Page 2886 - Week 09 - Thursday, 13 August 2015

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MADAM DEPUTY SPEAKER: Stop the clock, please. You are supposed to refer to members opposite by their official titles, not call them amateurs or anything else. I think it is a reflection on the government to call them amateurs; I really do. So will you withdraw that, please.

Mr Hanson: Madam Deputy Speaker, can you allude to under which standing order reflecting on the government is unparliamentary?

Mr Barr: You have been asked to withdraw it.

Mr Hanson: Under what standing order, Madam Speaker? You are asking me to withdraw; I just seek your guidance. Under what standing order is reflecting on the government—

Mr Barr: You have been asked to withdraw. Are you refusing to withdraw? You have been asked to withdraw.

MADAM DEPUTY SPEAKER: Just withdraw, Mr Hanson, please.

Mr Hanson: I withdraw.

MADAM DEPUTY SPEAKER: Thank you very much.

Mr Smyth: Sorry, Madam Deputy Speaker—


Mr Smyth: Under standing order 73, could I have a ruling from you on whether imputations can be made against the government—or can they only be made against individuals, which is the practice of this place and most other parliaments?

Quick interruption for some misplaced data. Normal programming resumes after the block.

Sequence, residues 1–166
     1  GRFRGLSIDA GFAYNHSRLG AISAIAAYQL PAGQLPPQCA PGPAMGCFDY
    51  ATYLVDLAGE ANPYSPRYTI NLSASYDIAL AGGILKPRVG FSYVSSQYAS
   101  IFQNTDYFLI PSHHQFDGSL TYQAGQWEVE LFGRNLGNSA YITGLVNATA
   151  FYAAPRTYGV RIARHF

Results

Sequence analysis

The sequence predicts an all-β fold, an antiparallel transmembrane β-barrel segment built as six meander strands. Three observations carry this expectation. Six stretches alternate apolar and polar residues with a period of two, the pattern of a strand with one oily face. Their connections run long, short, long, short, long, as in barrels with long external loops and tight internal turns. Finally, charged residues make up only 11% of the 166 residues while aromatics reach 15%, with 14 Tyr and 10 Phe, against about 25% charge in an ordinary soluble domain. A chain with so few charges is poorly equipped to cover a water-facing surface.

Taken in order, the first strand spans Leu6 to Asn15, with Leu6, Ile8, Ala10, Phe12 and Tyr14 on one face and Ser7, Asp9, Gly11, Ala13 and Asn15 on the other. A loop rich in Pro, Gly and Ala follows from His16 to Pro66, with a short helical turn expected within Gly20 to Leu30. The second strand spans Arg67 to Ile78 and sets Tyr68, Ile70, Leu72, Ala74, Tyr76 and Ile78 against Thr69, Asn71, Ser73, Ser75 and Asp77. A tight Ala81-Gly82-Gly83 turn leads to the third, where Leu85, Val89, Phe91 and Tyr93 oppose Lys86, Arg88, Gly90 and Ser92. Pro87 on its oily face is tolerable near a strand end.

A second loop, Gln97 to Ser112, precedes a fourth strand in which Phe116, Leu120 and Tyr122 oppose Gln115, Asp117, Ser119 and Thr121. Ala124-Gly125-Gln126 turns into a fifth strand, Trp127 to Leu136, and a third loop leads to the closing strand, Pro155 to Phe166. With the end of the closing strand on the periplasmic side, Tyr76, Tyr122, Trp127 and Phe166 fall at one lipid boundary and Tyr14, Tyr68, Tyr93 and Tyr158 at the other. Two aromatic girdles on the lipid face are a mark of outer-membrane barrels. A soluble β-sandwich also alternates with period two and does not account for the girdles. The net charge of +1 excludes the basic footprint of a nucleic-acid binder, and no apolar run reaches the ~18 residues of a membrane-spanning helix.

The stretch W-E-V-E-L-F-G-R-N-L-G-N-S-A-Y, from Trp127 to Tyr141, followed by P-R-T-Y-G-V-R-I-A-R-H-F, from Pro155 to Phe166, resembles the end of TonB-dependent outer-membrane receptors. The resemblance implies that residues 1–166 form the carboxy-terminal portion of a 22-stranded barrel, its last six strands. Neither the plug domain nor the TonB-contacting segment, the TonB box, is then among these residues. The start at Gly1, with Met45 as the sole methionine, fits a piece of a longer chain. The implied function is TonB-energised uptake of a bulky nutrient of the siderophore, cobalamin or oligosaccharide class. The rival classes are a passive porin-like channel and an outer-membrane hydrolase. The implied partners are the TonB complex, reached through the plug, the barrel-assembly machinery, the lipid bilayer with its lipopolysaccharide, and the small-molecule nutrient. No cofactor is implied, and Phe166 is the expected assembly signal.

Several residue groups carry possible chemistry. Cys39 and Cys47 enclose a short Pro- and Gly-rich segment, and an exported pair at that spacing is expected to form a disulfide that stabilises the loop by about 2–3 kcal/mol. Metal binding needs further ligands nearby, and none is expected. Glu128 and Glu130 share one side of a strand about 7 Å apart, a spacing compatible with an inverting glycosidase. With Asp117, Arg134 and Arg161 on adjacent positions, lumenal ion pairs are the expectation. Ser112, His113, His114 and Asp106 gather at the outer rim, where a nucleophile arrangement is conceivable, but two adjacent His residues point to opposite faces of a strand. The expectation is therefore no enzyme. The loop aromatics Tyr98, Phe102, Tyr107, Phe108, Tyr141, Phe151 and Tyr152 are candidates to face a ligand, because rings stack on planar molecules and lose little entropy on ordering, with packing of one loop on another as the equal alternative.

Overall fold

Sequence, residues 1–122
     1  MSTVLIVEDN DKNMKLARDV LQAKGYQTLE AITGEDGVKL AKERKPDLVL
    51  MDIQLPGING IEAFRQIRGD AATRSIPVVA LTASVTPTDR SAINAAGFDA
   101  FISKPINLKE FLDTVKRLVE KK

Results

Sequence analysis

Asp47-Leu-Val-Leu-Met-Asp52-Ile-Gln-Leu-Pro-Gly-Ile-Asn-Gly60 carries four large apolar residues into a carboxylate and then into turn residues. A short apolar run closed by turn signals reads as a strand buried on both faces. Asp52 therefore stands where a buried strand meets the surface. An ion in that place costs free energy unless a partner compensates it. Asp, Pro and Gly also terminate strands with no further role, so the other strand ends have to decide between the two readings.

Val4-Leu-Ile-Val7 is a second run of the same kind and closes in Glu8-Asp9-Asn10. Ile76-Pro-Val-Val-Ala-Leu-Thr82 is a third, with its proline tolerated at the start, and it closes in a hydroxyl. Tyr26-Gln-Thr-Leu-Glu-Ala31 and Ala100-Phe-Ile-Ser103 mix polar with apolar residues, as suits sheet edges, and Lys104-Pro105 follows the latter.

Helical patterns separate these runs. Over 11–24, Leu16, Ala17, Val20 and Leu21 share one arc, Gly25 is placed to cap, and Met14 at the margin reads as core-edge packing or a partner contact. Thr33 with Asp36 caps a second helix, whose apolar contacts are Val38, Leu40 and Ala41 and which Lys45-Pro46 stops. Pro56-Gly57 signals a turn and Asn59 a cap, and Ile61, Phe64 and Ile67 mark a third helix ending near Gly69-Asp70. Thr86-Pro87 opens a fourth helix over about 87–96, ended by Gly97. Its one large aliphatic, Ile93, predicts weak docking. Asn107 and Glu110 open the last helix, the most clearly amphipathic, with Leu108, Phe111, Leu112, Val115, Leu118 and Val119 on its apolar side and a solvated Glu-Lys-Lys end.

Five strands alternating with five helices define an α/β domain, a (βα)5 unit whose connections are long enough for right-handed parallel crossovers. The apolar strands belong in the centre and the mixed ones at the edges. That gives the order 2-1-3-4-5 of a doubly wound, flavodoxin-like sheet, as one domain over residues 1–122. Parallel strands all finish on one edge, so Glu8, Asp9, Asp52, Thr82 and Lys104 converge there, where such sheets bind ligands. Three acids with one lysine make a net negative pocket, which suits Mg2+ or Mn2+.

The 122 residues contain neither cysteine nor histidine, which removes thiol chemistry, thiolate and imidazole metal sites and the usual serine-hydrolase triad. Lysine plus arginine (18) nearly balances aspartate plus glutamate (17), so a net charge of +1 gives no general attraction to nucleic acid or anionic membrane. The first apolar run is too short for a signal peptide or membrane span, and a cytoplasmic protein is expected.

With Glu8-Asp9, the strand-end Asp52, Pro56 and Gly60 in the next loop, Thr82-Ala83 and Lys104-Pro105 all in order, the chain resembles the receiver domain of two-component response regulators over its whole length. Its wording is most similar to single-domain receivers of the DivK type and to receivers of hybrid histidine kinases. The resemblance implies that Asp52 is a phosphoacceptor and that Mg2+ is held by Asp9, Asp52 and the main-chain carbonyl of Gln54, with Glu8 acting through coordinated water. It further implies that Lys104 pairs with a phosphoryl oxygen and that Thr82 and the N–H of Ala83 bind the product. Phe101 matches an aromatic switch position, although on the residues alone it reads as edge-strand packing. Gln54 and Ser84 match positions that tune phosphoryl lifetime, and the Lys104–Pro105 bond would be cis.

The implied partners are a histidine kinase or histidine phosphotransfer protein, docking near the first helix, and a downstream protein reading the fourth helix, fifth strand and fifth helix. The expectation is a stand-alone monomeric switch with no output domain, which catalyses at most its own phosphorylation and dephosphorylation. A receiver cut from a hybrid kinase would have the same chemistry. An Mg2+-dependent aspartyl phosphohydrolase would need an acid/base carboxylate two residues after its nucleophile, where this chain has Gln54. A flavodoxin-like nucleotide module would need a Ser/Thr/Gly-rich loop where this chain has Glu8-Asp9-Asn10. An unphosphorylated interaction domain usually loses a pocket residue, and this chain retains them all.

Mr Barr: It was made against the Speaker.

Mr Smyth: I am asking for a ruling. I am entitled to do it under the standing orders.

MADAM DEPUTY SPEAKER: I am of the opinion that the reflection was on the whole of the government. They are individuals, and each of them is a member of this government, and I believe the reflection was on them.

Mr Smyth: You are the Deputy Speaker, Madam Deputy Speaker; I respect that. So you are making that as a new ruling under standing order 73?

Mr Corbell: It is not a debate.

Mr Smyth: I am allowed to ask for advice. You should be quiet and stop being so rude.

Mr Corbell: Oh, really.

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